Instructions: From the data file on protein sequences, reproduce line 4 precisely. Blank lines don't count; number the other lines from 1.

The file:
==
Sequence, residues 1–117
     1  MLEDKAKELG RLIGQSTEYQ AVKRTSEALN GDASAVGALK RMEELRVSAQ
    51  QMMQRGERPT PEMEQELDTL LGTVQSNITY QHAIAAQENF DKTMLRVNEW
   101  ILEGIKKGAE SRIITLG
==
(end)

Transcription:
   101  ILEGIKKGAE SRIITLG